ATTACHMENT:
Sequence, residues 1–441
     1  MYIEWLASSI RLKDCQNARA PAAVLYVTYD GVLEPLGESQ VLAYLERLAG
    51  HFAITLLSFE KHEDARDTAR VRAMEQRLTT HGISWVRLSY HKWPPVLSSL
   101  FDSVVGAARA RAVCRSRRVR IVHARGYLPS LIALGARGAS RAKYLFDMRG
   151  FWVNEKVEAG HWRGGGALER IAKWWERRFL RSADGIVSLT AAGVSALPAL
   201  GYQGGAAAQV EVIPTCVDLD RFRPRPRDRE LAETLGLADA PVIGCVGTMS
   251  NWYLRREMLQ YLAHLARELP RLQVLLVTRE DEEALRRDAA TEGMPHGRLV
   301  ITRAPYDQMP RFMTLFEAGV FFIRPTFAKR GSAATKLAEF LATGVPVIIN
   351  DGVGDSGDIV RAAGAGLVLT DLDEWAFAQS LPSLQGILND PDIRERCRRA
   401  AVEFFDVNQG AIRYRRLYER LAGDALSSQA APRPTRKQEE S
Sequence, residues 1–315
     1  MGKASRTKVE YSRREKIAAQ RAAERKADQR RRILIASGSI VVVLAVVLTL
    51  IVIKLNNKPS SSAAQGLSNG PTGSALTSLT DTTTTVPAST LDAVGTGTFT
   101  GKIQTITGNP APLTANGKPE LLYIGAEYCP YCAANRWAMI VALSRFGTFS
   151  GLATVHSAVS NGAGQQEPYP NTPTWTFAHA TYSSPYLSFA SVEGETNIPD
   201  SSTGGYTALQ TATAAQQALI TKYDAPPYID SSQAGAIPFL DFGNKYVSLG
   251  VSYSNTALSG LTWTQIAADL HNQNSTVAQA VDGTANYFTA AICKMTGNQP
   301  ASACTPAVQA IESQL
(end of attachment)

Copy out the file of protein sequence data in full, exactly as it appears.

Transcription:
Sequence, residues 1–441
     1  MYIEWLASSI RLKDCQNARA PAAVLYVTYD GVLEPLGESQ VLAYLERLAG
    51  HFAITLLSFE KHEDARDTAR VRAMEQRLTT HGISWVRLSY HKWPPVLSSL
   101  FDSVVGAARA RAVCRSRRVR IVHARGYLPS LIALGARGAS RAKYLFDMRG
   151  FWVNEKVEAG HWRGGGALER IAKWWERRFL RSADGIVSLT AAGVSALPAL
   201  GYQGGAAAQV EVIPTCVDLD RFRPRPRDRE LAETLGLADA PVIGCVGTMS
   251  NWYLRREMLQ YLAHLARELP RLQVLLVTRE DEEALRRDAA TEGMPHGRLV
   301  ITRAPYDQMP RFMTLFEAGV FFIRPTFAKR GSAATKLAEF LATGVPVIIN
   351  DGVGDSGDIV RAAGAGLVLT DLDEWAFAQS LPSLQGILND PDIRERCRRA
   401  AVEFFDVNQG AIRYRRLYER LAGDALSSQA APRPTRKQEE S
Sequence, residues 1–315
     1  MGKASRTKVE YSRREKIAAQ RAAERKADQR RRILIASGSI VVVLAVVLTL
    51  IVIKLNNKPS SSAAQGLSNG PTGSALTSLT DTTTTVPAST LDAVGTGTFT
   101  GKIQTITGNP APLTANGKPE LLYIGAEYCP YCAANRWAMI VALSRFGTFS
   151  GLATVHSAVS NGAGQQEPYP NTPTWTFAHA TYSSPYLSFA SVEGETNIPD
   201  SSTGGYTALQ TATAAQQALI TKYDAPPYID SSQAGAIPFL DFGNKYVSLG
   251  VSYSNTALSG LTWTQIAADL HNQNSTVAQA VDGTANYFTA AICKMTGNQP
   301  ASACTPAVQA IESQL